Tuesday, May 26, 2015

Techy Tuesday - The Future of Windmills May Be Losing the Blades

Ordinarily, when a structure shakes in the wind, it's a bad thing.  Perhaps the most famous example in history is the collapse of "Galloping Gertie", the Tacoma Narrows bridge in Washington, 1940, and that's a pretty extreme example.  Probably everyone has heard the wind cause powerlines to make sound, or felt things moving in the wind.  Everyone who has ever sailed a boat has felt it.  In virtually all situations, the wind-induced motion is undesired.  Some structures, like telescopes, spend a lot of engineering effort to eliminate that motion.  

I bet you never thought of that motion as energy that could be captured to do something useful.  Researchers in a small start-up company in Spain are working on that very idea. The company's called Vortex Bladeless, and its wind energy harvesters don't look like the giant windmills we're used to.  They look more like giant stalks poking out of the ground.
The mast design is being optimized to create vibration in the wind; at the bottom, that vibrational energy drives a mechanical alternator that turns mechanical energy into electrical.
The Vortex’s shape was developed computationally to ensure the spinning wind (vortices) occurs synchronously along the entirety of the mast. “The swirls have to work together to achieve good performance,” Villarreal explains. In its current prototype, the elongated cone is made from a composite of fiberglass and carbon fiber, which allows the mast to vibrate as much as possible (an increase in mass reduces natural frequency). At the base of the cone are two rings of repelling magnets, which act as a sort of nonelectrical motor. When the cone oscillates one way, the repelling magnets pull it in the other direction, like a slight nudge to boost the mast’s movement regardless of wind speed. This kinetic energy is then converted into electricity via an alternator that multiplies the frequency of the mast’s oscillation to improve the energy-gathering efficiency.
Why bother?  First off, there are no rotating parts, and no bearings, so maintenance costs drop like a rock.  Maintenance is a major cost for conventional wind turbines.  Vortex Bladeless says its turbine would cost around half of the traditional turbine whose major costs come from the blades and support system.  They're easier to manufacture and install than conventional wind turbines.  Plus, with no spinning blades, they won't produce the infrasonic problems the current wind turbines produce and they'll be much easier on the bird and bat populations. 

The company says they’re hoping to have their first product, a 9-foot, 100-watt turbine that will be used in developing countries, ready before the end of the year. A 41-foot counterpart to that turbine, called the Mini, will be ready in a year.  At this stage of their development, nothing appears to be said about how well it will scale up.  They say their approach extracts less energy from a wind stream, but they make up for it by being able to put up more of their masts than conventional turbines in a given space.  

One of the major problems with wind energy is its terrible costs compared to fossil fuels.  If the cost per kW could be improved (including the long tail of logistics),it might enable wind power to make economic sense. 


  1. The only question not addressed is the lifespan of the materials.
    Just as frictional resistance stresses metal when you bend and rebend it will this constant flexing cause the material to fail. Nothing lasts forever, how long before the constant vibration causes this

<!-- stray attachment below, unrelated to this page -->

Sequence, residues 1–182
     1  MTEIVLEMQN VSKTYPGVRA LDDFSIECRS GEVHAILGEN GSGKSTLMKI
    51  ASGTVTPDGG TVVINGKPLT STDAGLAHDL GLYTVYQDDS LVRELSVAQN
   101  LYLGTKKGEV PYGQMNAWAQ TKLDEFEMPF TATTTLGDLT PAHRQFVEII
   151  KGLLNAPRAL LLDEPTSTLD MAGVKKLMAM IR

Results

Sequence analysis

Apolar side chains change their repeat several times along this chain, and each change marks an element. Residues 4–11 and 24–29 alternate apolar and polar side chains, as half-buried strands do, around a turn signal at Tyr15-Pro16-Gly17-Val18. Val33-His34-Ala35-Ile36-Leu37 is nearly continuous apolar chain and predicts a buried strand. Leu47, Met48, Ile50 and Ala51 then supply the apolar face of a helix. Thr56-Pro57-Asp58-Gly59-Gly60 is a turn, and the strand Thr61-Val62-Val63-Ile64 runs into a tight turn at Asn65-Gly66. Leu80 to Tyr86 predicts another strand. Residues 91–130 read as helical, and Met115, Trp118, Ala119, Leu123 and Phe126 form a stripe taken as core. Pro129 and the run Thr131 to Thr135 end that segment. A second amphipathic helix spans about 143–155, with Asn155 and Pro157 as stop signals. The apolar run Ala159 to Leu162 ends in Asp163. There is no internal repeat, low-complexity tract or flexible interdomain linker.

thing to fail and break, probably at the narrowest point near the bottom. Other than that factor it looks promising.


  2. Something similar was done in Abu Dhabi using a thing called a "WindStalk": http://atelierdna.com/masdarwindstalk/

    Also, there are a few companies (and now a DIY Instructable) for building what is called a wind-belt generator or Ribbon Generator

    These use magnets attached to a ribbon that oscillates in the wind. The magnets induce a current in coils situated on one or both sides of the magnet so that as the field ebbs and flows due to the movement of the ribbon, current is induced in both coils in opposite phases. Actually seems pretty cool.

    Here's one company that makes a wind-belt generator: http://www.humdingerwind.com/#/wi_overview/

  3. Wowser! All that engineering resource to build a 9 foot high spike to produce 100 watts WHEN THE WIND BLOWS between the "enough" and the "too much" velocity.

    Hmmm ... for the cost, I'd say that that would pay for a lot of electricity to run a lightbulb for quite a long while, wind or no wind.

    Phil B

  4. I think that it is important to continue to explore alternatives energy sources because fossil fuels won't last forever and a modern society depends on energy. But my fear is that the meddling by government and many NGO's are killing initative with subsidies and regulations that favor one "solution" over another. This is too important and serious for us to allow government to screw it up. Wind power has "some" promise but without huge subsidies no one would have built these 150' bird blenders. The cost of one of these huge wind powered behemoths is around a million apiece including installation, support and maintenance over it's lifetime. But even in windy locations it is doubtful that any of them will even generate $100,000 worth of electricity! Now that is sheer stupidity. What is happening in the alternative energy industry is they are "mining" subsidies and all of this effort and cost will not solve our problems. Get the government out of it. Get special interests out of it. Allow innovation to create alternatives that do not require subsidies. Then let the free market decide if any of these alternatives are practical.